Tuesday, June 24

Life Is Worth Losing.

Hero.

Some brief words on the passing of George Carlin.

Last week, it was announced that The Kennedy Center was to award George Carlin with the Mark Twain Prize for American Humor; the greatest award that a humorist can receive, and only the 11th recipient of the award overall. This was to recognize his 50+ years of performing and contributions to the world of Comedy. Despite the nature of his act, I know without question that Mr. Carlin would have been gracious and humble to accept it, and it was a shame that he passed away before the ceremony.

From a personal standpoint, I consider George Carlin to be one of my greatest influences. Not necessarily concerning comedy, writing or performing, but my personality and outlook overall. Carlin made me realize that everything needed to be questioned, authority didn't have to be respected, religion didn't have to be believed and the freedom of speech needed to be upheld. The traditions and iconic figures (including Carlin himself) that we hold so dear need to be held up to the microscope and examined, in the hopes of finding the true meaning of life; that we're here to enjoy the show. Be nice to those around you and do what you can to make a better life for yourself and your loved ones, but don't fear judgment and don't be afraid to ask questions.

George Carlin made me realize that the greatest comics do so much more than tell jokes. As a 12-year-old, I remember discovering 70's Carlin material by rooting through my uncle's record collection while visiting my cousin for a weekend (along with Steve Martin and Rodney Dangerfield, among others). His pinpoint delivery and borderline-slapstick mixed with social commentary, one right after the next, absolutely blew me away. It wasn't the profanity and occasional 'obscene' nature of Carlin's work that impressed me so much as a kid, it was the way that he did everything so seamlessly, had a specific point of view and had a brilliant way of making people understand the absurdity of our own existence. Carlin was a true genius.

At the age of 70, a point where most men would be happy (and fortunate enough) to live a healthy life of quiet retirement, Carlin recorded his 14th HBO comedy special, which turned out to be one of his best in a decade. When fans of Carlin's work silently worried that the old man had lost his edge and social relevance, he once again defied expectation and created a fitting and astoundingly brilliant final masterwork. The drive and intelligence of this man was astounding; we should all be so lucky to continue to form new viewpoints and remain so current and bright at the age of 70.

One of the things that I'll miss about Carlin was his off-stage demeanor. Critics state that Carlin was a grumpy old man; a reformed addict that pushed his atheist agenda to the point where it was no longer funny. However, every time we saw Carlin interviewed or accepting yet another award for his achievements, we all were able to see Carlin for who he truly was; a humble, sweet, brilliant and intelligent performer that always knew exactly what he was doing at all times. Anyone who negatively judged Carlin based on his stand-up persona was missing out on a huge portion of who he was as a man. I humorously remember the first time I saw Carlin on The Tonight Show; I had fully expected some tongue-lashing tirade about the English language or the current President, but instead, I was met with an interesting, logical, calm and quiet discussion. He always surprised me.

George Carlin has made me more intelligent. Harder. More angry at the world. More accepting of human beings but continually frustrated by the groups that they attach themselves to. George Carlin has allowed me to accept that there are certain things completely out of my control that I cannot allow myself to worry about. George Carlin reminded me to sit back and enjoy the show. To continually evolve and never accept what people tell me is right. To trust my gut. To make it a personal goal to make at least one person laugh every single day of my life. For all of this and more, I cannot thank him enough.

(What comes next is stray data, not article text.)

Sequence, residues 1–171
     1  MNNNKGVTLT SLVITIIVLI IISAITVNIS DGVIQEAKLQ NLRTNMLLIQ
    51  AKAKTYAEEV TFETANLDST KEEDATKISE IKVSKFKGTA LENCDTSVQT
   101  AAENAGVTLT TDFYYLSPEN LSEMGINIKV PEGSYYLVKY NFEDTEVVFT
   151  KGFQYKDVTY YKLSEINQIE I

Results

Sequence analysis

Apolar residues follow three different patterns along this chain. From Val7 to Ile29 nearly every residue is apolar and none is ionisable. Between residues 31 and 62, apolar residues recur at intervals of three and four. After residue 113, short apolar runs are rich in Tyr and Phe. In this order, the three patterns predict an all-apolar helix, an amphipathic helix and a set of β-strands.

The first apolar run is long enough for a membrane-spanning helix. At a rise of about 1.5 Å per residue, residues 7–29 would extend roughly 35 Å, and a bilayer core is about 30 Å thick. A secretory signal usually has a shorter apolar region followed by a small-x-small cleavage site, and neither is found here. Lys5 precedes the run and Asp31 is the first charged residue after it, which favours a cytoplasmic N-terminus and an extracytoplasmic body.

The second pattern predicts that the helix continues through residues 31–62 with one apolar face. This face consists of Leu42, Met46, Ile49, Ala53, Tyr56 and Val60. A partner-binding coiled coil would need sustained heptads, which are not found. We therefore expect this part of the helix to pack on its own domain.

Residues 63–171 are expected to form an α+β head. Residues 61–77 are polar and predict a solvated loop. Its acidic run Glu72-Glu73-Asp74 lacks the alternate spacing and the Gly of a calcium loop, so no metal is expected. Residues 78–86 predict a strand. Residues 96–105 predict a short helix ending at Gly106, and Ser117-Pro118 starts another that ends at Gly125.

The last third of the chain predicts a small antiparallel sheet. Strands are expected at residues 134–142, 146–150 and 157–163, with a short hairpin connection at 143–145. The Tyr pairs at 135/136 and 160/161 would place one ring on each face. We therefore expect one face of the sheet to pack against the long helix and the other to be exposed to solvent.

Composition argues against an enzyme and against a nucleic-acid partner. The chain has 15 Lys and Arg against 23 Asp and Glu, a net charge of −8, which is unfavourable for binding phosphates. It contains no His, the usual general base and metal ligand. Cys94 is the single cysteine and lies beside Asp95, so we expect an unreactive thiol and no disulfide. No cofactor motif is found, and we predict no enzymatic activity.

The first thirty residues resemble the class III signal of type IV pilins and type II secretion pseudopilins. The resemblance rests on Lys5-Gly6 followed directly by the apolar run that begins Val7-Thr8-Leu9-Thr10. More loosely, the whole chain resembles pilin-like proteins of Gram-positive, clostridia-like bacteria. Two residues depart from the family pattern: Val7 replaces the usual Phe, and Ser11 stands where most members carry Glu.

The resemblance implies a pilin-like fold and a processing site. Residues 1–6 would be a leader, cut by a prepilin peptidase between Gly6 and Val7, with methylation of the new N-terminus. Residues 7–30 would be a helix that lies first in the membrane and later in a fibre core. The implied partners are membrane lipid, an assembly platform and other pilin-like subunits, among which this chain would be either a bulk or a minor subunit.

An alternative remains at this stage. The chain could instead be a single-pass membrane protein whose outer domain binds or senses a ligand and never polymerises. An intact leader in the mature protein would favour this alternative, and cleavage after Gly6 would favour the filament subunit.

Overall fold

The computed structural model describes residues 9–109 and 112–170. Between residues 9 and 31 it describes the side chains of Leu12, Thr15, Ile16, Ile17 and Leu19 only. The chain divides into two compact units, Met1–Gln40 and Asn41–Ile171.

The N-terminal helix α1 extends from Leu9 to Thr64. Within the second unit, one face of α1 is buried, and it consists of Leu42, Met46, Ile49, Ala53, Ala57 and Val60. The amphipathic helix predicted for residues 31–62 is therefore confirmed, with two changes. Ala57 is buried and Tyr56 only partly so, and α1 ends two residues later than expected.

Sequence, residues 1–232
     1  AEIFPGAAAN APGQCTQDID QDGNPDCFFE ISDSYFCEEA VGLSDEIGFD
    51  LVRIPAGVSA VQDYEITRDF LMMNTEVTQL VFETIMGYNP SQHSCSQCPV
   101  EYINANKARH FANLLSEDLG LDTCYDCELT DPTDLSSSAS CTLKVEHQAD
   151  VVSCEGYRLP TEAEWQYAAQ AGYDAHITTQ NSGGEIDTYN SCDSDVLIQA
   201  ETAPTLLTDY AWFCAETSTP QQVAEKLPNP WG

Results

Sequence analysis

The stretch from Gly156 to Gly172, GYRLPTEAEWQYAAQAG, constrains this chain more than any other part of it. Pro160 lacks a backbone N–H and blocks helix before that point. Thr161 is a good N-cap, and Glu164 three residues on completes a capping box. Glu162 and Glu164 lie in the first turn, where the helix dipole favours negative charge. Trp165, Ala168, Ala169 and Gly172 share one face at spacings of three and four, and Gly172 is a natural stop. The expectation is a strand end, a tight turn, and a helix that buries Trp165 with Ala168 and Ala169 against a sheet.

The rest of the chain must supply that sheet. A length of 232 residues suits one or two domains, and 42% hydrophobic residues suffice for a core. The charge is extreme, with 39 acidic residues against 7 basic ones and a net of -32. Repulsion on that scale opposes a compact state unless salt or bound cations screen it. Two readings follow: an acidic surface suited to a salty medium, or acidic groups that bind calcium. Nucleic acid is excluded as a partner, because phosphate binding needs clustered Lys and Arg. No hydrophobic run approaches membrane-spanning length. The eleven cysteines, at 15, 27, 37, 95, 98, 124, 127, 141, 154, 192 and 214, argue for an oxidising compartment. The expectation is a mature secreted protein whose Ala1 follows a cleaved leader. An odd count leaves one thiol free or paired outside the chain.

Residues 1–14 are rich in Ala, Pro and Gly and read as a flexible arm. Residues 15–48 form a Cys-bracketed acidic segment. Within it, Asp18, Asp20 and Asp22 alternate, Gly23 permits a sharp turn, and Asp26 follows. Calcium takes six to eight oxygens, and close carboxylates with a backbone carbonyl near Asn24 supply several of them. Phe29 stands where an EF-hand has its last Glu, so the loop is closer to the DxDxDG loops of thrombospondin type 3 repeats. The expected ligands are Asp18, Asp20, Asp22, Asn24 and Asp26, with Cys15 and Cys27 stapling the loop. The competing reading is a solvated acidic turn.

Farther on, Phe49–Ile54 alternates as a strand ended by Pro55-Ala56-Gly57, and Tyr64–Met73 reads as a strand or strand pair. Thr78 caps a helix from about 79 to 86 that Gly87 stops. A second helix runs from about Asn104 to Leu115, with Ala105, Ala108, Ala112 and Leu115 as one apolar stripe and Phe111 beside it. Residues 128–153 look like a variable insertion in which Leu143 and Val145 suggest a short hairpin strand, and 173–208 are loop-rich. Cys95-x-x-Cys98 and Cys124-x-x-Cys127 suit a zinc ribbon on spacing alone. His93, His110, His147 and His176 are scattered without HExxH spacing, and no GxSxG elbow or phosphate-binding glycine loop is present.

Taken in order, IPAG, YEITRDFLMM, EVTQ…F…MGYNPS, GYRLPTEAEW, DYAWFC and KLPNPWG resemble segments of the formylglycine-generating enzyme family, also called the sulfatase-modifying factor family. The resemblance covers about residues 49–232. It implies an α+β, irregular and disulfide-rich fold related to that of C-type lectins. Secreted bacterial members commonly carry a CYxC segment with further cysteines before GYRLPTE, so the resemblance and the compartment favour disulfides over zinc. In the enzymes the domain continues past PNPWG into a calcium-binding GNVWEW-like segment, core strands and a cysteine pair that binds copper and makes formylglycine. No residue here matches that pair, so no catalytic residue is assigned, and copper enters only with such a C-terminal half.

When Kurt Vonnegut passed away last year, the big joke among his fans was to state "He's up in heaven now." This was in reference to the following passage in God Bless You, Dr. Kevorkian:

"I am honorary president of the American Humanist Association, having succeeded the late, great, spectacularly prolific writer and scientist, Dr. Isaac Asimov in that essentially functionless capacity. At an A.H.A. memorial service for my predecessor I said, "Isaac is up in Heaven now." That was the funniest thing I could have said to an audience of humanists. It rolled them in the aisles. Mirth! Several minutes had to pass before something resembling solemnity could be restored."

In many ways, I considered Mr. Vonnegut and Mr. Carlin to share similar worldviews, and I cannot help but think of this quote now that we've lost them both in a little over a year. And it makes me laugh. Hard. And much like Vonnegut, part of me thought that this day might not ever happen, that these heroes would live forever and continue to shine through the garbage until the end of time.

I won't say that Carlin is in Heaven now, but if there is one, he's there.

Thank you so much for everything.

Comments:
Lovely tribute, darling :)
 
Have I just time-traveled?

Today's Monday, isn't it?

Explanation?
 
Monday's post was written and published before I heard about Carlin's death, so it got bumped down a little early. I thought this was more important, although the Mix-Tape deadline and Emily Mills with a moustache isn't without their respective charm.

Monday's post can be found below.
 
What, isn't it Tuesday yet by you, Carrot?
 
I was this close to pulling the old, "It is Tuesday here!" on Carrot Duff.
 
Honestly, I feel the same gut wrenching pain about Carlin's passing as I did about Vonnegut's.
Those two really are the kind of icons that you do not want to think about as not being there any longer.
 
I think we just need to feel fortunate that we got to live in the same age as these people.
 
As a Calvinist Christian, you would think that I wouldn't be mourning the loss of an atheist like George Carlin, yet I am.

The reason he was such a genius isn't just because he was funny -- he was -- but also he made us think about ourselves and the absurdity of our lives. The Seven Words You Can't Say On Television is a wonderful example. Why can't we say that on television? What would happen if we did? Those questions were asked by everyone, and then even the Supreme Court took a stab at an answer.

TheCDP did a great off-the-cuff write-up of his thoughts. But I'm saddened by this news. There will never be another.